Based on these experiences, I feel that it might be a decent idea to have a similar discussion based on a writing sample. Within the last few weeks, there were links to Kubrick’s “Napoleon”, Goldman’s “All the President Men”, Uhls’ “Fight Club” but members of this site have not been able to exchange ideas about each others’ projects. Granted, there are the ever present fears of misappropriations of the unproduced material but I still reckon that a short 3-6 PDF page excerpt either uploaded to or posted on a suitable site may generate a fruitful discussion. I, for one, am interested to see what Christopher’s writing is like – including his recent script on the (a capella?) singing group. Obviously, every writer would have to accept the risks involved with putting his work online but, as most writers know, professional screenwriting is less about the ideas and more about the execution of these ideas. I wonder if this might interest the NFS management – hey, more user generated content! – or the frequent visitors to this site.

    With that, I yield the floor (to non-a-holes only).

    • Christopher Boone on 07.24.13 @ 2:43PM

      Hey DLD,

      You can read my a cappella comedy script, COUNTLESS MELODIES, in full as I posted it online last year when it was DOA just months before the opening of PITCH PERFECT. Read my post and script here:

      http://nofilmschool.com/2012/08/why-im-posting-my-feature-length-script-online-and-why-i-want-you-to-share-it/

      I keep my Nicholl semifinalist script CENTS close to the vest right now as that is the feature I’m trying to set up, but hopefully I’ll be able to share more about that later this year.

      As for my most recent script, it needs a rewrite :) But perhaps after that rewrite, I’ll consider posting a few pages for NFS readers to critique.

      • Man, that’s the worst effin’ screenplay I have ever (not) read (channeling a passing aggressive a-hole, from now on known as the PAA, trying to eliminate the potential competition … even before reading it).
        .
        Seriously, Christopher, just because there’s an existing movie with a similar plot line doesn’t mean that yours can’t be made. In a “Boogie Nights” thread, I mentioned that, in the late 90′s, there were two “John Holmes” themed movies in development (the other was “Wonderland” with Val Kilmer and Lisa Kudrow) and both were released in theaters, despite a fairly off-the-beaten-path (pardon the pun) subject. I myself have a screenplay that is a remake of an old Soviet play/film that’s – without me knowing about it at the time – been re-made in 2006 already. But my version is considerably different from the one made in 2006, from the general premise, the dialog and the characters.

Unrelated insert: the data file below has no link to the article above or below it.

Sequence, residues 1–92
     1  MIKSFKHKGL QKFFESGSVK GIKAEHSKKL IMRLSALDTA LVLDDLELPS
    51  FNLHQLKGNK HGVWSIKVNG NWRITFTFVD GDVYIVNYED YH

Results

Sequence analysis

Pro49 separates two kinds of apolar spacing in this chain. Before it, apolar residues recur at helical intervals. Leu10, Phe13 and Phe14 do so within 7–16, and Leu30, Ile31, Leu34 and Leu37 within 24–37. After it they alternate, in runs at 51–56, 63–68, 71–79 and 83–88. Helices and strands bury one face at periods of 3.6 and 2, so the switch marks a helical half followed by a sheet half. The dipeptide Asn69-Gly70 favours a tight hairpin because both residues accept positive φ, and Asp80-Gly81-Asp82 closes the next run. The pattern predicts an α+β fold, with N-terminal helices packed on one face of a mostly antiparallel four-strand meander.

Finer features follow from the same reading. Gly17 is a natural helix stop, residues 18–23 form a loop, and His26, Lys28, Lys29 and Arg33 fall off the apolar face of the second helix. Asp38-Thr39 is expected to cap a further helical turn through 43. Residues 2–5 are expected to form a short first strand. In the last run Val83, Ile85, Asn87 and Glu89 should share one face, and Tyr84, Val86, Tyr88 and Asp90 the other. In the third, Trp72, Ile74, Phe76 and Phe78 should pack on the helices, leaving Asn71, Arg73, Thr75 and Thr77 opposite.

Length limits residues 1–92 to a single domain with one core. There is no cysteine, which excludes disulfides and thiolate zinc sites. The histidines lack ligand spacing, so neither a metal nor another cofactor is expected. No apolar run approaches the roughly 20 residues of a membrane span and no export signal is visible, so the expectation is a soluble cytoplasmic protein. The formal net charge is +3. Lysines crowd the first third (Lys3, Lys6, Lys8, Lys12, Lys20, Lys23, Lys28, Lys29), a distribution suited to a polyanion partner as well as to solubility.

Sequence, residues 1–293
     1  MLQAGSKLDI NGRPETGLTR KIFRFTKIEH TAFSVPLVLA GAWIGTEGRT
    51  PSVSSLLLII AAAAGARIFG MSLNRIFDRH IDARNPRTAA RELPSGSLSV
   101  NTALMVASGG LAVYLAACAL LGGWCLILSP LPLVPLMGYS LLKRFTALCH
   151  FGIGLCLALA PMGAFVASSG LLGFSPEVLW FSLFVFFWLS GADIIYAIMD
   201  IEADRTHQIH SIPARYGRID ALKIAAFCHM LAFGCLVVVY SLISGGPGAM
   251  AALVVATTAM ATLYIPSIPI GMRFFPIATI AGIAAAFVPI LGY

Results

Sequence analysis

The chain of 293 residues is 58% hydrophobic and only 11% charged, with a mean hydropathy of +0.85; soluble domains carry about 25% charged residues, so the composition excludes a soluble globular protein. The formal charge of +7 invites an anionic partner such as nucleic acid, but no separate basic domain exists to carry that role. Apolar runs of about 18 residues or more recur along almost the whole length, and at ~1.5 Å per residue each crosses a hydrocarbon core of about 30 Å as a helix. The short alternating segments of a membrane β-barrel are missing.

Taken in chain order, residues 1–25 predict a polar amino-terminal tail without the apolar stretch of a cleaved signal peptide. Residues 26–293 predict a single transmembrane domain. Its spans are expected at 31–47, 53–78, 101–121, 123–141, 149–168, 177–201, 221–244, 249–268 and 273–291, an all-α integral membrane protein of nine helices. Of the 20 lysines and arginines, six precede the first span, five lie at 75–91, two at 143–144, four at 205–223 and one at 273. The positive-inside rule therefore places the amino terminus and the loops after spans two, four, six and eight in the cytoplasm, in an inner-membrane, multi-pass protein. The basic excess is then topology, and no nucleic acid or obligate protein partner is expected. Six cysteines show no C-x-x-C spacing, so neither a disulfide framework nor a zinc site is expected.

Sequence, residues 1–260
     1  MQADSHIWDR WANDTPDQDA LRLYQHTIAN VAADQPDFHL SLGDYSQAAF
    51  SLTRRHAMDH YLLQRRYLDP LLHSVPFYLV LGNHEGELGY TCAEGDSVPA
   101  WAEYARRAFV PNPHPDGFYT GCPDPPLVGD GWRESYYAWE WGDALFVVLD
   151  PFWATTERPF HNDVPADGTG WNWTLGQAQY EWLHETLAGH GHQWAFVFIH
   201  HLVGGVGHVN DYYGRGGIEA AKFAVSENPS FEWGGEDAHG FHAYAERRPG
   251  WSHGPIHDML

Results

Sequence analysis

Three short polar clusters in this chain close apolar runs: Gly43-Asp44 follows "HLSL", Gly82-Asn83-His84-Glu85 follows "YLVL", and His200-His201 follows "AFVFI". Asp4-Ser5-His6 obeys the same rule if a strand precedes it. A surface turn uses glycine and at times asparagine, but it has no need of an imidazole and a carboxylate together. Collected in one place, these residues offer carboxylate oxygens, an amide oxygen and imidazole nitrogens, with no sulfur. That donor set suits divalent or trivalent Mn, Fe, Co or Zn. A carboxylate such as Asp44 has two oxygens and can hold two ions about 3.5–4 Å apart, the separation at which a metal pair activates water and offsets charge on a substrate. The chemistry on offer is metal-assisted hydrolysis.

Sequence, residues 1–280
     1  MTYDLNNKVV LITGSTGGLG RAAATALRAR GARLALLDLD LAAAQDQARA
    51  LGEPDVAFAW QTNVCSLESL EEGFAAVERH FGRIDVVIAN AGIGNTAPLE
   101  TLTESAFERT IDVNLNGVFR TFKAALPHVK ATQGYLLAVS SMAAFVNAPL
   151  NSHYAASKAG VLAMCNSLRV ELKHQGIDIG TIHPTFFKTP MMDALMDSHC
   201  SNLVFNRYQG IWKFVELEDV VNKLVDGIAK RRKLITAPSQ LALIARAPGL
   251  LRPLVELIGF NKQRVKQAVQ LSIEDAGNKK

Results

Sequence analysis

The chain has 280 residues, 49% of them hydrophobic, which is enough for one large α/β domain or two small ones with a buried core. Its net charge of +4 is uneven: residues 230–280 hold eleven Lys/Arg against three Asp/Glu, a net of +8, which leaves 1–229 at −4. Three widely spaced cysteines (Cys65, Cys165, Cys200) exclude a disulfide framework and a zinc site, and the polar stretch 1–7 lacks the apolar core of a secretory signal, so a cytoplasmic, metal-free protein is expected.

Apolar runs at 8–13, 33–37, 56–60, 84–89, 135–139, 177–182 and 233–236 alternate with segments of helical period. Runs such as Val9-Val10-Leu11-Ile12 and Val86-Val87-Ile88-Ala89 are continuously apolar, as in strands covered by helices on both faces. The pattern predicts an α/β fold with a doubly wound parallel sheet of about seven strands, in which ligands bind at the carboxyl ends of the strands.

.
        Plus, my version is better, as that film is rated in the low-5′s on IMDB. And this is not being a PAA, Really.

  • I enjoy your articles, Christopher.

  • Just out of curiosity, how long do you write each day? From 5:30am to ?

    • Christopher Boone on 07.24.13 @ 10:26PM

      I write from 5:30 am to about 7 am M-F. At 7 am, I have to wake up the kids and getting them ready for school/camp. If I’m in the heart of writing a treatment or a draft of a screenplay, I may try to carve out another hour or two during the day if time permits to keep the writing flowing. When I’m writing a draft of a screenplay, I aim for 5 pages a day, but I typically stop when I feel like I’ve accomplished enough and I have an idea of what I want to write next so I can pick up again quickly the next day. That may be less than 5 pages a day, it depends.

  • Thanks for this and all your other articles, Christopher. As someone who wants to get into TV drama writing (where deadlines are incredibly short), it’s inspiring to see someone taking stock of their process.

    Keep up the excellent writing!

    • Christopher Boone on 07.24.13 @ 10:31PM

      Thanks, Srini. Glad you appreciate the posts. Good luck with your TV drama scripts. I don’t write nearly fast enough for television :)

  • Hey Chris –

    How did you create the report card? Any specific program?